Sadly there’s one obvious name Wilde misses out, both here and in his subsequent American lecture. That is Christina Rossetti, who was a much more prolific and surely also a better poet than her brother Dante Gabriel. Indeed, in my opinion Christina Rossetti put the ‘beautiful’ pre-Raphaelite poetic style to its best use, marrying it with intense expressions of love, sadness, and Christian hopes and fears. Since Wilde later called some of her poems ‘exquisite in their beauty’, her absence here unfortunately probably shows Wilde conforming to the sexist assumption of his age that, in a general survey of poetry, somehow only male poets ‘counted’.
‘Background’ in a much more practical sense informs Wilde’s publication of his Poems in 1881. When Wilde graduated in 1878, he was ambitious (and his mother was ambitious for him) but what he was actually going to do was unclear. Classics scholar, archaeologist, school inspector and even Member of Parliament were all career options he considered at this time. So was a literary career, although monetarily that was far more uncertain. The editors of the modern scholarly edition of Wilde’s poems argue that although poetry was much less commercially profitable in 1880 than at the beginning of the century, it retained its place as the most prestigious literary form, and so it was still worth ‘launching oneself’ with a book of poems. Wilde had already published many shorter poems in magazines, and it was now that he apparently began to write longer ones too, to provide the bulk to fill out a whole volume.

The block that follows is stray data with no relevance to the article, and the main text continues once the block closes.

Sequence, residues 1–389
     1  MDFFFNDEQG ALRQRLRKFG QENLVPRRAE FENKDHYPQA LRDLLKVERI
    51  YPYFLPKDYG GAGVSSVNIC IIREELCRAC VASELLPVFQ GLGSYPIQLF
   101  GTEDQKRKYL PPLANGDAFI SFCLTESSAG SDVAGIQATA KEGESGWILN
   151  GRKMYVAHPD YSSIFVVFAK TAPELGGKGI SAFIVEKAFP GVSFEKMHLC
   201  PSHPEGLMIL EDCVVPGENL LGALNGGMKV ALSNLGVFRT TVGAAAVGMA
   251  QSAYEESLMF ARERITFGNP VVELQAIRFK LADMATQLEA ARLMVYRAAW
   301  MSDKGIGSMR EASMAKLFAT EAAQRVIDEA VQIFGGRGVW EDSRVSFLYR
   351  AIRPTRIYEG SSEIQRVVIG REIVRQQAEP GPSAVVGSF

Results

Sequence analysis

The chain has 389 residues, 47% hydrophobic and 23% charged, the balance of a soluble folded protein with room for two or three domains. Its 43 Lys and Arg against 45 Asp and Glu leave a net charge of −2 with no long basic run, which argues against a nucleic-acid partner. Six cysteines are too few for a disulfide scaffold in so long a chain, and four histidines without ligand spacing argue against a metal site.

ASPECTS OF THE POEMS
I may expand this section later, but for now (partly to avoid further delay in publishing this post) it’s intended just as a brief overview and ‘taster’ of Wilde’s poetry, most of which can anyway be found in full online (see Endnote).
As mentioned, my main interest in Wilde’s poetry is in what it tells us about the man himself and about the poetic times he lived in. Technically it’s all perfectly polished, but it’s not difficult to deride aspects of it as padded or insincere. For example, a friend of Wilde’s reported seeing him at his desk with a botany book, looking for flower names to pad out one of his poems. (This is borne out by ‘The Garden of Eros’, quoted above, which begins with seventeen fairly unnecessary stanzas about woodland flowers before it gets to its main point.) Many poems have French or Greek titles when they could perfectly well have English ones, and so on. Some of the opinions Wilde expressed might have been with an eye to pleasing eminent readers. (He sent inscribed copies of his Poems to Robert Browning, Swinburne, and Matthew Arnold, amongst others.)
Aside from these negative aspects, it is clear that Wilde put a lot of effort into presenting his volume as a neat and coherent whole. The shorter poems are gathered into groups by subject, pigeon-holed between five longer poems, including ‘The Garden of Eros’. There are poems about theatrical performances, political poems praising liberty and democracy, travel poems, imitation medieval ballads, and poems expressing vacillation and indecision. A few impressionistic descriptive poems, perhaps French-influenced, strike a more modern flavour. A risqué element of the Swinburne variety is introduced in the long poem ‘Charmides’, about a young man who makes love to a goddess’s statue, is killed for it, and is then himself made love to when dead by a nymph. (It ends happily, however!) One set of poems is supposed to record Wilde’s unhappy love for ‘professional beauty’ Lily Langtry (his inclinations seem to have been bisexual at this time, his first gay sexual experience not taking place till later).